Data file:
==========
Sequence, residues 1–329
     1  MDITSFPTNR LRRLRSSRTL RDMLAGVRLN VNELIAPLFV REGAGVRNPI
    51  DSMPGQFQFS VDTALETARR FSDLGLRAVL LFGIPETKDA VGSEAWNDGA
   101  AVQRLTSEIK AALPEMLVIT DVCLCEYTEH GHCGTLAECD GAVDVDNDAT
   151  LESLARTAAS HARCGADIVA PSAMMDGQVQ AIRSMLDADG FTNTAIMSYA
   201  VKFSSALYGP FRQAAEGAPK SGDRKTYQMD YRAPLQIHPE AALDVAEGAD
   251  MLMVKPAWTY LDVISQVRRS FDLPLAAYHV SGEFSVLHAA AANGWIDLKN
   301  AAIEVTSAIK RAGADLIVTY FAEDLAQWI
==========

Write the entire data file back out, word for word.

Sequence, residues 1–329
     1  MDITSFPTNR LRRLRSSRTL RDMLAGVRLN VNELIAPLFV REGAGVRNPI
    51  DSMPGQFQFS VDTALETARR FSDLGLRAVL LFGIPETKDA VGSEAWNDGA
   101  AVQRLTSEIK AALPEMLVIT DVCLCEYTEH GHCGTLAECD GAVDVDNDAT
   151  LESLARTAAS HARCGADIVA PSAMMDGQVQ AIRSMLDADG FTNTAIMSYA
   201  VKFSSALYGP FRQAAEGAPK SGDRKTYQMD YRAPLQIHPE AALDVAEGAD
   251  MLMVKPAWTY LDVISQVRRS FDLPLAAYHV SGEFSVLHAA AANGWIDLKN
   301  AAIEVTSAIK RAGADLIVTY FAEDLAQWI